From Volume I:
Abraham and his wife made their African slave a surrogate mother and she bore Abraham a half-black heir. Later, God wished to use Moses and his Ethiopian wife and half-Ethiopian sons to raise up a new race of Jews to replace the twelve tribes of Israel. Let's not forget that the Almighty did not object when Jacob passed “the blessing of Abraham” on to his half-African grandsons, Ephraim and Manasseh, in North Africa. In light of these facts it’s amazing that early Americans wondered if blacks could be saved especially since it was big news to Jews that gentiles (Europeans) could be saved. Prior to the Apostles of Christ’s debate about whether Europeans, called gentiles in Scripture, could be saved, Niger and Lucius were black Bible teachers at Antioch (where believers were first called Christians) and an Ethiopian eunuch had been saved and baptized. (Acts 13:1, 15:7) The first king, queen, prince, and princess in the Bible were black. It was an African princess who found Moses floating down the Nile in Africa. Later Esther a dark skinned Jew won a black beauty contest that stretched from India to Ethiopia. Blacks in the Bible Vol. I shows you truths stranger than fiction.
It’s interesting how Christians view the color of sin. In churches you may hear phrases such as our hearts were “blackened by sin.” European-based Christianity has assigned a color to sin and that color is black, whereas Bible-based Christianity does not associate sin with the color black. Racism has crept into even the color of sin. In answer to the question, “What color does the Bible assign to sin?” many people would answer, “Black is the color assigned to sin.” The Scriptures clearly assign sin a color, but not the color black. Isaiah states: “Come now, and let us reason together, saith the LORD: though your sins be as scarlet, they shall be as white as snow; though they be red like crimson, they shall be as wool.” Both crimson and scarlet are shades of red; therefore, red is the biblically assigned color of sin, not black.
Nevertheless, a form of a Westernized theological racism has insidiously claimed that black skin is the result of a curse. Actually, when God cursed someone’s skin, He turned it white. The first occurrence happened when Moses’ sister Miriam mocked Moses for marrying a woman with black skin, an Ethiopian. (Num. 12:1, Jer. 13:23) God responded by turning Miriam’s skin white, with a skin disease known as leprosy. This cured her racist views. (Num. 12:10) Also, recall when Elisha cursed his servant, Gehazi saying: “The leprosy therefore of Naaman shall cleave unto thee, and unto thy seed for ever. And he went out from his presence a leper as white as snow.” (2 Kings 5:27) The curse this man of God put on the greedy Gehazi’s skin, for his abomination, did not turn his skin black but “as white as snow,” which made Gehazi the first abominable snow man. Also, in Exodus 3:2-4:6, when God spoke to Moses from a burning bush to display his power over sin, God turned the skin on Moses’ hand white with leprosy, then restored his skin to its original dark color that had earlier allowed him to pass as the grandson of Pharaoh, an African king. Each time God placed a curse on skin, he did not turn it brown, black, or dark but white, even as “white as snow.” Somehow this theological point has failed to find its way into European pulpits. However, the fable of God turning skin black when he was displeased with a person easily found its way into many of their pulpits. Not one account of God showing displeasure by turning someone’s skin black is found in Holy Scripture. The irony lies in the fact that original sin was the same color as the original man: red. Adam means Red Man.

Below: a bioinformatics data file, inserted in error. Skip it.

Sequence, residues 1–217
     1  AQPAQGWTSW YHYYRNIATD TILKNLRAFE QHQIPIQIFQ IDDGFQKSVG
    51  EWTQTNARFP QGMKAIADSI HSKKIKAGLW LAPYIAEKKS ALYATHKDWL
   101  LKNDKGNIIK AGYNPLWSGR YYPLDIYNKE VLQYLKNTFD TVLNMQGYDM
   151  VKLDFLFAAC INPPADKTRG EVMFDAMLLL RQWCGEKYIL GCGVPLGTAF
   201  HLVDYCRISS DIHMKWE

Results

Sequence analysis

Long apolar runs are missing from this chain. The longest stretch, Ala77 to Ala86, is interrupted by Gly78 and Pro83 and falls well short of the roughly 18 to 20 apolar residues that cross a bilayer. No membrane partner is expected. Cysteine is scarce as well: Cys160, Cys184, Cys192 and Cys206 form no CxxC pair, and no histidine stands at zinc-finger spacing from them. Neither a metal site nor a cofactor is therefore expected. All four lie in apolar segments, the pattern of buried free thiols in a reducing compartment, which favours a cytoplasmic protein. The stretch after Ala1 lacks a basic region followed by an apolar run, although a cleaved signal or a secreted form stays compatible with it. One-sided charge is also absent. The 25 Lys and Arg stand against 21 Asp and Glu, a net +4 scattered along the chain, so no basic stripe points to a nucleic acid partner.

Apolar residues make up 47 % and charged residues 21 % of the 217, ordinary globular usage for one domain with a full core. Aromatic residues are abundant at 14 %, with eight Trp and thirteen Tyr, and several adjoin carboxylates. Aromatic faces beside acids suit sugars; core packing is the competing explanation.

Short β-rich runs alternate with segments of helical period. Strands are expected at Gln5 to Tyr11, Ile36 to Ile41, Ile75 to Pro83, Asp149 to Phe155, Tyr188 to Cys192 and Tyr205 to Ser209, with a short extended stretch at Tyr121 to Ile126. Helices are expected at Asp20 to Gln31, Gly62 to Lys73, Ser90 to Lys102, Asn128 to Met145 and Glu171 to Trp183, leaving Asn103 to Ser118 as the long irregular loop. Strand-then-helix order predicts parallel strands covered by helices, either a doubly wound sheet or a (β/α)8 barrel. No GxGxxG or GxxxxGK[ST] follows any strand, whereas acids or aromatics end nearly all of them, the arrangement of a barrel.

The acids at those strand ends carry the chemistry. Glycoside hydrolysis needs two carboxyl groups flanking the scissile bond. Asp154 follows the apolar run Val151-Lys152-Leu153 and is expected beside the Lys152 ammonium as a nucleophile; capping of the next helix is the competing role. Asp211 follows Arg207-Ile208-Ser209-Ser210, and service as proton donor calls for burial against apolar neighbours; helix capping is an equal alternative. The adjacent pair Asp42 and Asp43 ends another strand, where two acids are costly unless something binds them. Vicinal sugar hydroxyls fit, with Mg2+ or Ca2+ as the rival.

James Warden is a graduate of Mid-American Nazarene University. He worked six years as a Christian radio announcer in Kansas City, where he founded Have You Heard the Good News Radio Ministry. He was ordained as a minister in 1992 by pastors Don and Velma Aston of Overland Park, Kansas. He has authored several books outside of the Blacks in the Bible series. He offers seminars regarding Eternal Security, Bible Prophecy, and Types and Shadows in Scripture, and Biblical Black History. He resides in Texas. Contact him at firstname.lastname@example.org with the subject title as "Blacks in the Bible" or it will be discarded as spam. For more information WWW. BLACKS IN THE BIBLE. NET or WWW.BlacksInTheBible.Org.